Penny Marshall's “Big” Break: Her $100 million Body-Swapping BreakthroughJune 15, 2018 By Go Back
Penny Marshall’s second feature set 1988’s box office aflame and received almost universal critical praise. Big was the clear standout in the late 80s age-hopping and body-swapping boom, which included Like Father, Like Son, Vice Versa and 18 Again!, and its long shadow looms over the more recent 13 Going on 30 and 17 Again, which are not without their charms. Big was the first film directed by a woman to cross $100 million at the domestic box office, a feat Marshall would repeat four years later with A League of Their Own, also starring Tom Hanks.
Penny Marshall was born in 1943 into a New York showbiz family, her mother a dance teacher and her father a director and producer of industrial films. In the late sixties, Marshall made the move to Los Angeles to pursue acting and joined older brother Garry Marshall, who was a successful TV writer on programs including the Dick Van Dyke Show. Marshall landed commercials and small roles in television, but her most memorable roles would come from collaborations with her brother Garry. She was a recurring guest star on The Odd Couple, and her character Laverne first appeared on Happy Days alongside Cindy Williams’ Shirley, later spun off into the long-running Laverne & Shirley. Her brother encouraged her directorial ambitions, and she cut her teeth directing several episodes of the show before making her film debut with Jumping Jack Flash, starring Whoopi Goldberg.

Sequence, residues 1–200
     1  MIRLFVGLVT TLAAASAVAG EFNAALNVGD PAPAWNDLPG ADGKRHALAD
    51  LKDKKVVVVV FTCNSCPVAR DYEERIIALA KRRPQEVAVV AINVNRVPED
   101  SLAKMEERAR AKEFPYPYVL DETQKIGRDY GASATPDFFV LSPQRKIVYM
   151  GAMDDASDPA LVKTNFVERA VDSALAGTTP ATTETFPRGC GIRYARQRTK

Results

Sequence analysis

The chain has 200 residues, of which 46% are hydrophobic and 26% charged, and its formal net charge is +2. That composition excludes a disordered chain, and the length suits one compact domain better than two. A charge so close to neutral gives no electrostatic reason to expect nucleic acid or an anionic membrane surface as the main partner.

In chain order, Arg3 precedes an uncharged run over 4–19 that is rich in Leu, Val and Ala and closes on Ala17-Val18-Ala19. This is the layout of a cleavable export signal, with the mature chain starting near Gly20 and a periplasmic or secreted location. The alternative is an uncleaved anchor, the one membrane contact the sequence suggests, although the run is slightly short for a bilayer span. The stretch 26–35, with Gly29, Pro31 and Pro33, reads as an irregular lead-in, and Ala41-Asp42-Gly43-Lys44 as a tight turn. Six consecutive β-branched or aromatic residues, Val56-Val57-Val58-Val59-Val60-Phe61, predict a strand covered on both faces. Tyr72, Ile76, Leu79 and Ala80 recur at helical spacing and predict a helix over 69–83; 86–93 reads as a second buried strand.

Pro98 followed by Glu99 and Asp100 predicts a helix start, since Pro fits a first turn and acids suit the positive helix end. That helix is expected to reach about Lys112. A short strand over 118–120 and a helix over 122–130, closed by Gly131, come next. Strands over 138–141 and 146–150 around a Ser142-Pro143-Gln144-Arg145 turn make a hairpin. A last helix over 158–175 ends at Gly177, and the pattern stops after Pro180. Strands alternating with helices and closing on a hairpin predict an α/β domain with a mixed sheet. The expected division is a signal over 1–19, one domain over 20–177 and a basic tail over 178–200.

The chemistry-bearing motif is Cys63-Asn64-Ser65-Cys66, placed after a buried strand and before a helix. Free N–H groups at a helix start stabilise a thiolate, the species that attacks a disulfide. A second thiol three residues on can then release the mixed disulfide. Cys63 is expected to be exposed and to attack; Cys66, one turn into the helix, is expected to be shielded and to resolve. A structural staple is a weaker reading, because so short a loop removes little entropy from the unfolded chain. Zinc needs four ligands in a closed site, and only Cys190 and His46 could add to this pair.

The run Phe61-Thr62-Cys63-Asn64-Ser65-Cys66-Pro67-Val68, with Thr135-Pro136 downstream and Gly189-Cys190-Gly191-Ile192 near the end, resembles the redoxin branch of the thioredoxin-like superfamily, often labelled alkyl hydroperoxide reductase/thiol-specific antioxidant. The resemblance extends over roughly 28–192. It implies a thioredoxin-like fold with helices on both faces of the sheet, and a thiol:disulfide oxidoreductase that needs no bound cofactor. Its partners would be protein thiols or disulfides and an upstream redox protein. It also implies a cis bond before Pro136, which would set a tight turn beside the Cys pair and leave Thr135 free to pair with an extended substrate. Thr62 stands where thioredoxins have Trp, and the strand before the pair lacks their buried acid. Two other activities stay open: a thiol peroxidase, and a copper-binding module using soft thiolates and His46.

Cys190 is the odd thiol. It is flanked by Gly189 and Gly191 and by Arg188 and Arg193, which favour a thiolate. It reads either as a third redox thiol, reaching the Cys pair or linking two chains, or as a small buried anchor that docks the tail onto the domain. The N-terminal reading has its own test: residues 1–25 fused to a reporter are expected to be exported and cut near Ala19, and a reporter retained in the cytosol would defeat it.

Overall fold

Marshall’s experience as an actor has informed her work as a director, with particular skill in directing comedy and pulling the best out of her performers. Hanks’ physical comedy and mannerisms are incredibly charming and are key to the film’s enduring appeal. In preparation for the shoot, Marshall had David Moscow, who played the young Josh Baskin, film “big” Josh’s scenes so Hanks could more credibly portray a twelve-year-old boy. Hanks went on to win the Golden Globe and received an Oscar nomination for the role. Hanks would undergo a similar prep process for the role of Forrest Gump 6 years later.
Big is considered Hanks’ most memorable roles, but Robert De Niro was almost Josh Baskin, replaced due to scheduling issues and Marshall’s persistent lobbying for Hanks. The other contenders read like a 1980s leading men time capsule, including Gary Busey, Steve Guttenberg, and Judge Reinhold – who starred in 1988’s Vice Versa. Warren Beatty and John Travolta were also in contention at one point.
After the huge success of Big, 1990 Best Picture nominee Awakenings and A League of Their Own, Marshall’s directorial output stalled through the late nineties and into the 2000s, with smaller successes including The Preacher’s Wife and Riding in Cars with Boys, starring Drew Barrymore, and stints directing TV. She has stated that she has several projects she has struggled to get made in recent years, including another baseball film about the Negro Leagues and a Guatemalan soccer movie. Perhaps the next Marshall film to make it to the screen will be her long-gestating documentary on basketball star-turned-diplomat Dennis Rodman – Marshall is obviously a devoted sports fan and even has an impressive memorabilia collection, which was featured in a 2013 episode of Slice’s Extreme Collectors. With her considerable dramatic, comedic and commercial chops, we can only hope she goes from courtside to behind the camera again someday soon.